If you own a townhouse that you no longer want to live in yourself, but instead want to rent out townhouse, you need to make sure that you are really ready for the process. Here are four things you need to do to prepare yourself for becoming a townhouse landlord.
#1 Learn About Your Rights & Obligations
The first thing you need to do is make sure that you understand all of your rights and obligations as a landlord. One of the best ways to learn about your rights and obligations, as well as the rights of your future tenants, is by speaking with a property attorney. They can help you learn about and become informed about the rights and obligation of tenants and landlords.
You need to know this information because once you become a landlord, it is expected that you know what you are obligated by law to do. These laws can vary a lot from one state to the next, so talking to a local property or real estate attorney is a great way to make sure you are current and up-to-date about all local laws.
#2 Use A Screening Service
Second, although you can just put up an online classified advertisement for your townhouse, if you are trying to find a specific type of renter, you may want to use a screening service instead. A screening service will help you perform background checks on potential tenants at an affordable rate. Using a screening service will help you ensure that you don't rent to someone who has a criminal record, been evicted through the court system or has a very bad credit score from unwillingly becoming your tenant.
Using a screening service is a great way to protect your property and help ensure that you get a quality tenant. However, remember that it is only a tool within the screening process. You may want to do your own reference checks as well.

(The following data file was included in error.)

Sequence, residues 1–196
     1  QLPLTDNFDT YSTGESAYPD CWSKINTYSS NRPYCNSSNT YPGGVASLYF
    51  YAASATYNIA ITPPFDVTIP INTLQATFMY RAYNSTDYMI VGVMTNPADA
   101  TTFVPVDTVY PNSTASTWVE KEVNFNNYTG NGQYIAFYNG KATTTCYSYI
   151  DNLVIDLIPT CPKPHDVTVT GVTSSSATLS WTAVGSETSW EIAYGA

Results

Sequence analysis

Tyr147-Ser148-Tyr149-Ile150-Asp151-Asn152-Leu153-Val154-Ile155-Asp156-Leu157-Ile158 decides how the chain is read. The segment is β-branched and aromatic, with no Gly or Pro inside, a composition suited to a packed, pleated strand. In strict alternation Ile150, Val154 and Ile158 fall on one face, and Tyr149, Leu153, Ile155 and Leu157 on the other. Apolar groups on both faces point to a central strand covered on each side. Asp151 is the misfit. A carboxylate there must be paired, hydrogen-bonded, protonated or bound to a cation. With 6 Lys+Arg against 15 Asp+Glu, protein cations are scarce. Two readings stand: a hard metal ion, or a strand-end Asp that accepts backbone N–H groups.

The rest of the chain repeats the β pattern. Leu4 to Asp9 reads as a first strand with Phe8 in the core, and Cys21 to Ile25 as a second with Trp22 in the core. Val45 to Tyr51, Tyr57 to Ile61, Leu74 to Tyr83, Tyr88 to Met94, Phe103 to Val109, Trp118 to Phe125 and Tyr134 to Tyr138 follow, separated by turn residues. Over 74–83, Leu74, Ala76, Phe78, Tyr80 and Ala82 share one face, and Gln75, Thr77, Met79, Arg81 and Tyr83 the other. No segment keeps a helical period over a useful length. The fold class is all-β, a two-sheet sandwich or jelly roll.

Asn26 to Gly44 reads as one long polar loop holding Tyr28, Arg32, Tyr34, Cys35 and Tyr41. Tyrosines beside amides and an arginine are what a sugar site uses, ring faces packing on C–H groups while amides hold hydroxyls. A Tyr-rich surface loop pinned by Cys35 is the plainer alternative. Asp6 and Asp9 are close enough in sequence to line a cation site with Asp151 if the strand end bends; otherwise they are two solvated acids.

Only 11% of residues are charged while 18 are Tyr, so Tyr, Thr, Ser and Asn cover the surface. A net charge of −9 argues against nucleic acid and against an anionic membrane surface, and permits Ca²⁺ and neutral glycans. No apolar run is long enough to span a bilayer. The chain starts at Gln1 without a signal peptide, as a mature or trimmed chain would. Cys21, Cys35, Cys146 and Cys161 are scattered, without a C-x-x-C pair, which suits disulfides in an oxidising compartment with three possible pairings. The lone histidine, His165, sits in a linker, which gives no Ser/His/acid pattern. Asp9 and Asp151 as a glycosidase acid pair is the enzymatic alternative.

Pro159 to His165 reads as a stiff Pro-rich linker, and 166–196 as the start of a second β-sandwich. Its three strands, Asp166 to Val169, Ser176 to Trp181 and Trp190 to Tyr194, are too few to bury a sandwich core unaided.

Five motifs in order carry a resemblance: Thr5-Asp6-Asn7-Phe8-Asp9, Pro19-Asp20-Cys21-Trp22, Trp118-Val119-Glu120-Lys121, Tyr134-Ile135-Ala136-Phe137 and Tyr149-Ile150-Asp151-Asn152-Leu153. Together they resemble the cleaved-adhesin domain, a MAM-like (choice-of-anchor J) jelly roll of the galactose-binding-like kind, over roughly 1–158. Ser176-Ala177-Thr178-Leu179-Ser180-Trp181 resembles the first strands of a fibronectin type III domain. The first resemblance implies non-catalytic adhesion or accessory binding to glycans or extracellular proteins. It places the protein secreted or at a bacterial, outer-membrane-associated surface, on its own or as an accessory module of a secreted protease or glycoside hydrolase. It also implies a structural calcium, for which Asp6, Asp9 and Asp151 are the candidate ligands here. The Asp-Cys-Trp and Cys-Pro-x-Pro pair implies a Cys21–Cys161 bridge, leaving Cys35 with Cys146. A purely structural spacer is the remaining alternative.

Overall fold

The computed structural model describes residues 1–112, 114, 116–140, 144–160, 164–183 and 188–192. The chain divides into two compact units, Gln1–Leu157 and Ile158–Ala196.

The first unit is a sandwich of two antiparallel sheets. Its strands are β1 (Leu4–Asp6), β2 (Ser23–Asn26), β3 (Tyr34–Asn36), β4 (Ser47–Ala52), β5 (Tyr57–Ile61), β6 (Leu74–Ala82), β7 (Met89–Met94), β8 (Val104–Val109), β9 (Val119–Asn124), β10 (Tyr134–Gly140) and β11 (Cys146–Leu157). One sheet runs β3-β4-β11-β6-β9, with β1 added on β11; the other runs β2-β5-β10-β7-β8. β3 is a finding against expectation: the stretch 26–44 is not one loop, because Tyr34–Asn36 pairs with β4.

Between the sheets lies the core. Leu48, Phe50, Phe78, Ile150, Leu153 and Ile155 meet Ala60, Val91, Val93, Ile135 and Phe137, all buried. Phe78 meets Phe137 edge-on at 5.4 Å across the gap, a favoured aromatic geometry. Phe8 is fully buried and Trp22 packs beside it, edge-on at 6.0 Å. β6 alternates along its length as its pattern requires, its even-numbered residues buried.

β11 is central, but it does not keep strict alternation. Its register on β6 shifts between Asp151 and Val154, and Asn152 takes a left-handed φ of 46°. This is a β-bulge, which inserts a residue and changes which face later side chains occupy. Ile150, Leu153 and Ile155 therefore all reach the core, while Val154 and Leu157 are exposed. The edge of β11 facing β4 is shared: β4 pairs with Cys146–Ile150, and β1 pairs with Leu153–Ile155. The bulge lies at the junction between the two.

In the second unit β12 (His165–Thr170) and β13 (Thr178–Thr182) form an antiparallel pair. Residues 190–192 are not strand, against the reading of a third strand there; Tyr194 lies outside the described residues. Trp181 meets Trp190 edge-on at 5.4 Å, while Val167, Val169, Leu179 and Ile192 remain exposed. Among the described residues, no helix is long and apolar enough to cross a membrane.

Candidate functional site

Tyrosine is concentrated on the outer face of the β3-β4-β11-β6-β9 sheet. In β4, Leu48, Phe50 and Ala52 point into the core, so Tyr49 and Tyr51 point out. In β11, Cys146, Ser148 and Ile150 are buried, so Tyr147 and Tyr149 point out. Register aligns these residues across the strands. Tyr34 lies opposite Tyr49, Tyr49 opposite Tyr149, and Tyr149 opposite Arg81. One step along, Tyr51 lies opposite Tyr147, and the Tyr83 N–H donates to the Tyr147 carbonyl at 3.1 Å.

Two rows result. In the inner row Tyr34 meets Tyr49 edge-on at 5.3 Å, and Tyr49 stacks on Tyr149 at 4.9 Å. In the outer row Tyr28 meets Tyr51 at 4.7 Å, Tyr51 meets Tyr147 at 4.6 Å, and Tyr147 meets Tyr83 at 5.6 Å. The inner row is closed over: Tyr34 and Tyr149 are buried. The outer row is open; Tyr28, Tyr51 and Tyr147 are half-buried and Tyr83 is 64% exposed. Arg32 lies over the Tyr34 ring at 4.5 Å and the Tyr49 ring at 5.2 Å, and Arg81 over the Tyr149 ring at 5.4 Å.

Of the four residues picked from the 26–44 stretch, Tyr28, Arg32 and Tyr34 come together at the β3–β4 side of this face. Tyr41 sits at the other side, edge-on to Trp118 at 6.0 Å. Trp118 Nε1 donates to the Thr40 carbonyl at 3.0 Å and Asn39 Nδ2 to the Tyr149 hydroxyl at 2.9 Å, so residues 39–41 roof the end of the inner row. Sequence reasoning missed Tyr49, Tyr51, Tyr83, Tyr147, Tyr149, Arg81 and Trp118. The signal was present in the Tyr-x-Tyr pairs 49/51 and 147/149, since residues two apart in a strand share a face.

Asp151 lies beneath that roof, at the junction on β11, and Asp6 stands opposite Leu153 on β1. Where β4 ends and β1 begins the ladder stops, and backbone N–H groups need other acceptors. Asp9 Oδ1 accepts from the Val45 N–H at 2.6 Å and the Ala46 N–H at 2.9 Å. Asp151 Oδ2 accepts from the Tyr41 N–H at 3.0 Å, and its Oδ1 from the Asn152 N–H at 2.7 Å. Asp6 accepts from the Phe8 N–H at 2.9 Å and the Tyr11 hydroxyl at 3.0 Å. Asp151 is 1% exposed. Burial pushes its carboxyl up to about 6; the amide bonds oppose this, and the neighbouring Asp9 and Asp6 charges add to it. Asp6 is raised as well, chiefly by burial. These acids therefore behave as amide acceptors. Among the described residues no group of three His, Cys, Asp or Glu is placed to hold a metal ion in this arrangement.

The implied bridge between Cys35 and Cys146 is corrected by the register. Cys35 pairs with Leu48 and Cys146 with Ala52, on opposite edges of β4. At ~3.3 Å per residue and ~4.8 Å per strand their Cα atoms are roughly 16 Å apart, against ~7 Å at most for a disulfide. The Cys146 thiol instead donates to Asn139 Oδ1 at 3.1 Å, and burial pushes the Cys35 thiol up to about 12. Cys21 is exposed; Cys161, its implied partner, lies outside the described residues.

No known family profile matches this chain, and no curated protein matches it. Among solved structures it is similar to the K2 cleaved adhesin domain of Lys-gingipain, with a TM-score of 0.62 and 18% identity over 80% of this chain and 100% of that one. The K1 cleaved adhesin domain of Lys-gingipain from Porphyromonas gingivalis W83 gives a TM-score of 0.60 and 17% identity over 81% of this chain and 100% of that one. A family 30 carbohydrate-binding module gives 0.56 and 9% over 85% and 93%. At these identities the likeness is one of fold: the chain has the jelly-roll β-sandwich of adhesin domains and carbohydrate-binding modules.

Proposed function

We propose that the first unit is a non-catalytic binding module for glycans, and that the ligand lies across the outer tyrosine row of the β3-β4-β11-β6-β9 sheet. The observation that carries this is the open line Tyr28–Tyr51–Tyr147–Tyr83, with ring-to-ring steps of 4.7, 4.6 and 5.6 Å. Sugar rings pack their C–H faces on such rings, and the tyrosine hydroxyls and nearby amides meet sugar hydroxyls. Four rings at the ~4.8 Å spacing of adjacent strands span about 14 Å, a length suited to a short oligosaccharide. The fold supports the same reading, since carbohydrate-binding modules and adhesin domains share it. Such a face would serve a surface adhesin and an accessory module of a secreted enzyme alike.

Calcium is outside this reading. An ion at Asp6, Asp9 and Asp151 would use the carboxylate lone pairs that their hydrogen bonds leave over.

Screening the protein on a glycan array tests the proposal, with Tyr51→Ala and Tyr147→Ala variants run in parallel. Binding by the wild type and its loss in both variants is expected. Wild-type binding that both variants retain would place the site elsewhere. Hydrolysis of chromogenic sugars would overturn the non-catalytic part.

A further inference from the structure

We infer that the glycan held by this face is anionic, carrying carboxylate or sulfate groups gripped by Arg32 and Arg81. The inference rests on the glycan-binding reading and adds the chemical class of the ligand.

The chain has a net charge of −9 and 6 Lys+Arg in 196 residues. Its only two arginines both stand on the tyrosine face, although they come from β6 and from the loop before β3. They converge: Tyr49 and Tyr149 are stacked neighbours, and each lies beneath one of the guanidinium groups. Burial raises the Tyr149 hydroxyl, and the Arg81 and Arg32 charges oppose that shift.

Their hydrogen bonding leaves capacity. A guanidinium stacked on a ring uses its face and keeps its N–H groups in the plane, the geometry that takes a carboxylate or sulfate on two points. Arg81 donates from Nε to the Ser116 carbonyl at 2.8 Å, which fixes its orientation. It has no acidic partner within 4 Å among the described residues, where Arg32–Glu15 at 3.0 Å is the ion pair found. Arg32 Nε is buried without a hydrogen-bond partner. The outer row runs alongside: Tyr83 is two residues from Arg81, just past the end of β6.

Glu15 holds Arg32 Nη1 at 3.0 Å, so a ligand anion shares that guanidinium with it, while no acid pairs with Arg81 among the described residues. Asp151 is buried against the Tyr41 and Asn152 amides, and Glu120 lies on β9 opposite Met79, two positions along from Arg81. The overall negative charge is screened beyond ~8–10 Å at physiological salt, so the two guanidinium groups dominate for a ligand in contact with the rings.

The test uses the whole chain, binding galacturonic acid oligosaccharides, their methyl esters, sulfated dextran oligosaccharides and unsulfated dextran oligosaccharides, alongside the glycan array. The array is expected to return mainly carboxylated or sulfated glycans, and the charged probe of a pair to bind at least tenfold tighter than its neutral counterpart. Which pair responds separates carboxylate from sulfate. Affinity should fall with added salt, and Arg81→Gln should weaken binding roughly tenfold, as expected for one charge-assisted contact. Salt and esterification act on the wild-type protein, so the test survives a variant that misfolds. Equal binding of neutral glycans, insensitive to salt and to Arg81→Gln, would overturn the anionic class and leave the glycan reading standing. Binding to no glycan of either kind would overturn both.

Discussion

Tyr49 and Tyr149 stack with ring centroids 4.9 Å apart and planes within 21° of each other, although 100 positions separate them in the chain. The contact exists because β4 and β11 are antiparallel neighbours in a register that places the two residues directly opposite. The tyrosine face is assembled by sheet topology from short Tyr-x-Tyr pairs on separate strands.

#3 Budget For Your Townhouse
Just because you are renting out your townhouse doesn't mean that you no longer have to pay for anything in relation to your townhouse. You need to make sure that you always have enough money to pay the mortgage, insurance, and bills for the townhouse for a couple months if you don't have a tenant to pay those costs for you. You also need to make sure that you budget for taxes and save money to pay for them.
Additionally, you need to have a money fund just for repairs. If something breaks down in your townhouse, you are generally obligated to fix it as soon as possible now that you are a landlord. You can't put off repairs or budget for them like you would as a homeowner; you need to be able to address issues that come up with your rental property right away.
Before you start renting your townhouse, make sure that you understand your rights and obligations as a tenant as well as tenants' rights. Be sure that you have a savings fund to cover necessary expenses associated with the townhouse and find a screening company to help you find quality tenants. Speak with a real estate agent for more information.